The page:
Radojcic was also declared wanted in the case of the murder of former Kosovo politician Oliver Ivanović. But after a while, he was removed from the search list by the decision of the prosecutor of the case. Recently, the Kosovo Special Prosecution placed him back on the list of wanted persons.

Numerous statements with hostile tones were also issued by the politicians of the Serb List, which were distributed to the local media in Kosovo.

Serb protests in southern and northern Kosovo

The day after meeting with Vučić, the Kosovo Judicial Council suspended the president of the Basic Court of Mitrovica, Liljana Stevanović. As a result, the political party Srpska Lista (Serb List) — the only entity with official Belgrade support to represent Serbs in Kosovo institutions — staged protests in North Mitrovica and Gračanica.

Although it was announced as a protest after Serbs were not allowed to vote in the April 3 elections, its organizers had only one request — to lift the suspension of Stevanović. All Serb judges, as well as Serb political representatives, resigned from their positions in support of the judge.

But other Serb entities which are Vučić's rivals, described the protest as an attempt to manipulate the Serbs. According to the Kosovo Serb Party, “The rally was evidence of the confusion of the SNS  authorities and the fear of their subsidiary — the Serbian List.”

Rejection of allowing foreign elections 

For the first time, a Kosovo government led by a party that had opposed previous practices did not allow the opening of so-called collection centers, which would be managed by the OSCE Mission in Kosovo. The last parliamentary elections that Serbia had organized for Serbs in Kosovo as well, were those of June 21, 2020. The votes collected in some polling stations were then sent for counting across the border in Serbia, in the nearby towns of Raška and Vranje.

On the eve of the protest, concerns about the risk of escalation of the situation were expressed by the heads of missions of France, Germany, Italy, the United Kingdom, the United States of America, and the European Union. Their announcement, published via their embassies, stated:

QUINT and the EU also reiterate their calls to Kosovo and Serbia to act prudently and refrain from any rhetoric or action that could raise tensions.

The Serbian List protest was peaceful and without incident.

Through a video on social networks, Kosovo Prime Minister Kurti thanked the Serbs in the Serbian language for the peaceful protest, calling on them to remain calm and trust Kosovo institutions, while stating that he learned about the suspension of the Serb judge from the media. He said:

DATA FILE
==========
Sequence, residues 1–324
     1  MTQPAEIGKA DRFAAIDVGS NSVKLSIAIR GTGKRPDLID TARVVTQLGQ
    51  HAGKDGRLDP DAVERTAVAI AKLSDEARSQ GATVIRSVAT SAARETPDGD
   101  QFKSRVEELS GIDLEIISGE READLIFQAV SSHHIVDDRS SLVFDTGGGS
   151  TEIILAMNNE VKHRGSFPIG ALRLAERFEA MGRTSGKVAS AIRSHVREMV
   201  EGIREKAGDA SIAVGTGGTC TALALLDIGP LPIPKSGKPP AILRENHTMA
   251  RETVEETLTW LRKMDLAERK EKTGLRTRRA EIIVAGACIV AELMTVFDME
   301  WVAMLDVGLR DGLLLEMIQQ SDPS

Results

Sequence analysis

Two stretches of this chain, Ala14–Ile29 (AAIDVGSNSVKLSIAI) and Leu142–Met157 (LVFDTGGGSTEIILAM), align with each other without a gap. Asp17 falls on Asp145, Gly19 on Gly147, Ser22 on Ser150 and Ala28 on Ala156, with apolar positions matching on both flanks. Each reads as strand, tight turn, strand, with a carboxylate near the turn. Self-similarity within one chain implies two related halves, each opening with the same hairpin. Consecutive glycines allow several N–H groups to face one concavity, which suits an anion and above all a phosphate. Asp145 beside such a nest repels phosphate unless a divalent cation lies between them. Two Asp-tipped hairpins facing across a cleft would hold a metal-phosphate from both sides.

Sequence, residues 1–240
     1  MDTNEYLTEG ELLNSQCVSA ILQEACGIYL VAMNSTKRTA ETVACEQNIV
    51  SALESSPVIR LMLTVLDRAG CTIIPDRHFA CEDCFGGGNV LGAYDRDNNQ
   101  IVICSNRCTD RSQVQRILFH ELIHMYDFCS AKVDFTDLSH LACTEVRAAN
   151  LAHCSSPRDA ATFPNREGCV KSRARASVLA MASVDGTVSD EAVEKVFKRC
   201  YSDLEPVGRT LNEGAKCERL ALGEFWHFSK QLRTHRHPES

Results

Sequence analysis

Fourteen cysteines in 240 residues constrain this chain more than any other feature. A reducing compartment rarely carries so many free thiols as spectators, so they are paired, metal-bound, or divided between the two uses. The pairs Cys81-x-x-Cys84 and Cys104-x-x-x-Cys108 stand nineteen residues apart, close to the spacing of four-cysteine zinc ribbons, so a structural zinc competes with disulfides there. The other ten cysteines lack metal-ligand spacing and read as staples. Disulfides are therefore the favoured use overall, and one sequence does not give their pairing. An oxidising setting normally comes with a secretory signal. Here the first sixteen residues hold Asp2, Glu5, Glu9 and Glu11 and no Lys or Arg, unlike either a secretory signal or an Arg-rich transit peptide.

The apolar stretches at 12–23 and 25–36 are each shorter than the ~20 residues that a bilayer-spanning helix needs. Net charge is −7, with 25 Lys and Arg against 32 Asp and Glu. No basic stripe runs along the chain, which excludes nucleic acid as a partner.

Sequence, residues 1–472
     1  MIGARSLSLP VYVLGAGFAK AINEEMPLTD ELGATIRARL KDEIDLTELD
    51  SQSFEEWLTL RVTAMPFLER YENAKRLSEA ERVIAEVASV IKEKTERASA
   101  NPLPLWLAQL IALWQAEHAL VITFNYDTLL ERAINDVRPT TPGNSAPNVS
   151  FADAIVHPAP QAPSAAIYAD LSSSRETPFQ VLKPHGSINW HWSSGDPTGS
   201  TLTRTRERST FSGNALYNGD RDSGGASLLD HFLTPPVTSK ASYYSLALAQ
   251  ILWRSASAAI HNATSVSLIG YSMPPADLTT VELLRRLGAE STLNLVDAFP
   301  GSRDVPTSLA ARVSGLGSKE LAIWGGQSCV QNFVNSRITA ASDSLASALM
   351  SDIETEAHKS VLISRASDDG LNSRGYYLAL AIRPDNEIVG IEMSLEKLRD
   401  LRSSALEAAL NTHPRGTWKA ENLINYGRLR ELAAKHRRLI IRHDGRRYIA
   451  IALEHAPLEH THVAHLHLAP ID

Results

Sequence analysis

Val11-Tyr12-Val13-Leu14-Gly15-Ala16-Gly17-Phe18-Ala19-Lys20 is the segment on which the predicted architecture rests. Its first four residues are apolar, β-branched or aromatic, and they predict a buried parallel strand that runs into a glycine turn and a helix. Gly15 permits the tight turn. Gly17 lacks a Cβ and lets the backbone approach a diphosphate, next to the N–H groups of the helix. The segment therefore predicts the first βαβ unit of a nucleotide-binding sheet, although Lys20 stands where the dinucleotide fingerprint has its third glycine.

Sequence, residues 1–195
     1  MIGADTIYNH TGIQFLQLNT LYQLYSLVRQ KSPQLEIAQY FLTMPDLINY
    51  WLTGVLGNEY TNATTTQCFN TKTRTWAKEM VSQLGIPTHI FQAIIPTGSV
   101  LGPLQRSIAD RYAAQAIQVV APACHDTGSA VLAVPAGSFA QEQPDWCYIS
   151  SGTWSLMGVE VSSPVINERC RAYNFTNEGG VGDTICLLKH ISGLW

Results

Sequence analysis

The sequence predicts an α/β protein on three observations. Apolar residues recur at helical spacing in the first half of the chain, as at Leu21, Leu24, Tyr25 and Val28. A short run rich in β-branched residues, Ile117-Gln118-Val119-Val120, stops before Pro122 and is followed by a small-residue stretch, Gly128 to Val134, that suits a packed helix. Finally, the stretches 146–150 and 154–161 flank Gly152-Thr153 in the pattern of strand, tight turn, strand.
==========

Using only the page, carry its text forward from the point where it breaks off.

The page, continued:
But, I must say, it would be more credible if we were to protest, for example, for social justice, faster development and the fight against crime and organized corruption. Please do not be influenced by the authoritarian regime in Belgrade. They are not interested in the rights and benefits of Serbs in Kosovo. They are trying to destabilize Kosovo for their electoral objectives and perhaps even for the war-mongering interests of some great power.

Despite the efforts of the QUINT countries to find a modality that would guarantee Kosovo Serbs the right to vote in the Serbian elections, they failed because there was no agreement between the two parties. The inability to find a formula for organizing Serbia's elections in Kosovo was noted after two letters arrived at the EU Office in Pristina. One from the Serbian liaison officer, who did not mention the Kosovo government or ask for elections to be allowed, but only cooperation to enable the OSCE to collect the ballots.

Meanwhile, Kurti in his letter listed the problems with the letter of the Serbian liaison officer. According to him, if the elections were allowed to be held according to Belgrade's proposal, the Constitution would be violated. Kurti argued that referring to them as “eligible voters” and not “voters abroad” was inconsistent with international best practices.

However, the government's decision was met with criticism from QUINT states who said that this approach undermined Kosovo's European aspirations. They stated:

With this decision, Kosovo’s Government failed to demonstrate its commitment to the principle of protecting the civil and political rights of all its citizens, including members of minority groups. Such an attitude of the Kosovo Government is not in line with our values and principles and will undermine their European aspirations.

Nevertheless, Serbs living in Kosovo and who hold Serbian citizenship exercised their right, whereby in an organized manner through dozens of buses they went to vote in nearby Serbian cities, in the April 3 elections. They used polling stations in the towns of Bujanovac, Kuršumlija, Raška and Tutin, in central, southern and southwestern Serbia.